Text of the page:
But the second-biggest problem with the economic models is less obvious, and that’s because it involves the one thing everyone seems to leave out of their thought processes: security. Because the employees are not interchangable spheres and their decisions frequently involve friction, we can see security issues arising out of our reliance on those economic models.
The first is that employees are not widgets to be had at the lowest price: changing out a skilled veteran with many years at a firm even for someone with the same amount of experience from another firm involves a loss of institutional knowledge that the veteran had. The new person will simply not know many of those lessons until they are learned the hard way. In security, that can be costly, if not fatal.
It’s even worse if the new employee has significantly less experience than the veteran. I shudder whenever I hear about “voluntary early retirement” because it means all those people with many, many years at the firm are about to be replaced by people of vastly less experience. Because that experience is not quantified in the models used, it has no value in the accounting calculations that determined cutting the payroll to be the best path to profitability.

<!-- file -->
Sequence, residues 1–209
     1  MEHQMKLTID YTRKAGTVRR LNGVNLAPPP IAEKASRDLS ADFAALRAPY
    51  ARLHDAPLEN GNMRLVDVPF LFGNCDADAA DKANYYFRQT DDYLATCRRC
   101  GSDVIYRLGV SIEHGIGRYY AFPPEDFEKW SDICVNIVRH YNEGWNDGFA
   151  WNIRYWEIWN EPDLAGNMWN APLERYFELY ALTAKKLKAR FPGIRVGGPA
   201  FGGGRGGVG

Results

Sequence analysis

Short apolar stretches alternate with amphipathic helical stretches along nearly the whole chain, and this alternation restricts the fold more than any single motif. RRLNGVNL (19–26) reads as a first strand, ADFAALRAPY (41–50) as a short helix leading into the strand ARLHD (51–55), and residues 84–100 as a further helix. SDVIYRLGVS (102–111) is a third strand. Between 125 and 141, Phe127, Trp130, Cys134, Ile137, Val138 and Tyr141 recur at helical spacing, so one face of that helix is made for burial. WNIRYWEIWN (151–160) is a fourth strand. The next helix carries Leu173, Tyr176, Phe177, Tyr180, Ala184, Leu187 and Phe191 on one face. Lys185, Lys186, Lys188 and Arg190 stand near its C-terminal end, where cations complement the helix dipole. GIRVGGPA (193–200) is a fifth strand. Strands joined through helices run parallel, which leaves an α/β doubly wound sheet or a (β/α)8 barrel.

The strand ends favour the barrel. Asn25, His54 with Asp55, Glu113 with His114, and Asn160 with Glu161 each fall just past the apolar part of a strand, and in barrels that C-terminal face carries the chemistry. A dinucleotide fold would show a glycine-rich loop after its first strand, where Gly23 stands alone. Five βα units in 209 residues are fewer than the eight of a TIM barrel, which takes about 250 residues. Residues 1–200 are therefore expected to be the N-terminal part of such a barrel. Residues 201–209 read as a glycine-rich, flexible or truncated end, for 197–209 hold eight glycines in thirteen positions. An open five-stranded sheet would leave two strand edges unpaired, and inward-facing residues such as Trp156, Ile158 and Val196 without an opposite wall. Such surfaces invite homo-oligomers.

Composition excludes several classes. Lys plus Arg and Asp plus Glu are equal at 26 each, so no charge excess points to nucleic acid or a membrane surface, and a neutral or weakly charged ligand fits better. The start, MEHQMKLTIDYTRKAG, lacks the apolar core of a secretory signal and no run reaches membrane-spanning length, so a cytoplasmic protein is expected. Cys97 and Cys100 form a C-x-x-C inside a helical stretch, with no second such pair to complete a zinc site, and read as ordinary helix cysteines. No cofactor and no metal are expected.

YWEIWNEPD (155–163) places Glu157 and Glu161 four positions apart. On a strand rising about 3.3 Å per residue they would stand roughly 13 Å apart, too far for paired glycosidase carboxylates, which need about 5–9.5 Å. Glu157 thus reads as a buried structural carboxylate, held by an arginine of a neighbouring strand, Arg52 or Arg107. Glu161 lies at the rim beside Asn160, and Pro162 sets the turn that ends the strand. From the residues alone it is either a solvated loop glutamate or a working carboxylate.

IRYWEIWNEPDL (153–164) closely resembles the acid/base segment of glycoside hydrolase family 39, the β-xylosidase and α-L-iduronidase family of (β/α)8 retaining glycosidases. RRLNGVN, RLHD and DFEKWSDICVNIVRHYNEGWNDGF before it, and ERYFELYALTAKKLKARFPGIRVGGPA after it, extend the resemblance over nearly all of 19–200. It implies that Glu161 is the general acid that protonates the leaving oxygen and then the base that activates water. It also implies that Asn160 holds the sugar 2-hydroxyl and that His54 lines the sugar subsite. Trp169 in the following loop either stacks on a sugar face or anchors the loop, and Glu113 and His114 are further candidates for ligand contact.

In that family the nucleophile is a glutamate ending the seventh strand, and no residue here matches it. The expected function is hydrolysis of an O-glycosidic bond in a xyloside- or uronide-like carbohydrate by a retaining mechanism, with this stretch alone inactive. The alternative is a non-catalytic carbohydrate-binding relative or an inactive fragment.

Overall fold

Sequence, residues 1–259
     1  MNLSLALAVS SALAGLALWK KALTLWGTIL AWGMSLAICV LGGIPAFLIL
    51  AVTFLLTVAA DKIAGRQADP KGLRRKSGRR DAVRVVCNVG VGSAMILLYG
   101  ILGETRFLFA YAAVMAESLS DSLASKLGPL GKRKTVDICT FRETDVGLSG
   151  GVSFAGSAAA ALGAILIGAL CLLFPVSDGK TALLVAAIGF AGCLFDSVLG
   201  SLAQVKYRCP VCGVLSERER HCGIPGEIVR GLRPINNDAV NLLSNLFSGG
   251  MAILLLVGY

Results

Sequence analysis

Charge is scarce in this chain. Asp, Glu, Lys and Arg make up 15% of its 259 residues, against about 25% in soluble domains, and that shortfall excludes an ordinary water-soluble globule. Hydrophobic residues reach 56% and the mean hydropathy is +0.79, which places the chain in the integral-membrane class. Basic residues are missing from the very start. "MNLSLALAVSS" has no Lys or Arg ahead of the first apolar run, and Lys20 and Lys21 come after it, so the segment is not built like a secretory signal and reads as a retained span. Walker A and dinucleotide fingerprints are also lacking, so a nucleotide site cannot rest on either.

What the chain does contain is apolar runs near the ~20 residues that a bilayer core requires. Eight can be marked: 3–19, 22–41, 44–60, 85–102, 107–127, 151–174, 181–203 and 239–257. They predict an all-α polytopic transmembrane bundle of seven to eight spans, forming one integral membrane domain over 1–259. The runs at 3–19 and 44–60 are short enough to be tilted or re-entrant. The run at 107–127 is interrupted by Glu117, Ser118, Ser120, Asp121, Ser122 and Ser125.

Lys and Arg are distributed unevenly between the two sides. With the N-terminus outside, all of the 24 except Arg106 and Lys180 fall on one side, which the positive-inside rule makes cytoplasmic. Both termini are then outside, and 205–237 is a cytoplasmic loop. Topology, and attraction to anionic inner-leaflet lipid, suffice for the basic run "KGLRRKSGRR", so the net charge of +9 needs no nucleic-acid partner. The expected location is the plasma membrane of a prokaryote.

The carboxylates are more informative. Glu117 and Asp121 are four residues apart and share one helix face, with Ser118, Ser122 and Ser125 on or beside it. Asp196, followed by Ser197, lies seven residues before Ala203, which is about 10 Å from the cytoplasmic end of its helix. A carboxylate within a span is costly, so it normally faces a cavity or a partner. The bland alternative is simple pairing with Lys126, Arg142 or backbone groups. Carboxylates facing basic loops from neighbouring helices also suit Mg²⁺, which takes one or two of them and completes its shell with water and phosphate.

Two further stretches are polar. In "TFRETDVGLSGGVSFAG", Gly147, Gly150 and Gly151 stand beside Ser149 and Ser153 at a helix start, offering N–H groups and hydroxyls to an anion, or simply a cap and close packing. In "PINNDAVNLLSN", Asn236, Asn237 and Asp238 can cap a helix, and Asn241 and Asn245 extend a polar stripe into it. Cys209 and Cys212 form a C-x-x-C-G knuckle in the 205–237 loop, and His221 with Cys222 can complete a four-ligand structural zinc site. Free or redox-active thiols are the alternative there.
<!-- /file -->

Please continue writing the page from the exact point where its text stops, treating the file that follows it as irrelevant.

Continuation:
Then there’s the matter of the new employees – especially if they’re outsourced – not having initiative to fix things proactively. That lack of initiative, in fact, may be specified in the support contract. Both parties may have their reasons for not wanting to see initiative in third-party contractors, but the end result is less flexibility in dealing with a fluid security issue.
Remember the story of the Little Dutch Boy that spotted a leak in the dike and decided to stop it with his finger, then and there? What sort of catastrophe would have resulted if the Little Dutch Boy was contracted by the dike owners to monitor the dike, to fill out a trouble ticket if he spotted a breach, for the ticket to go to an incident manager for review, then on to a support queue with a 4-hour SLA to contact the stakeholders, so that they could perform an incident review and assess the potential impact before assigning it the correct priority? There would be a good chance that the incident would resolve itself negatively by the time it was graded as a severity one incident and assigned a major incident management team to set up a call bridge.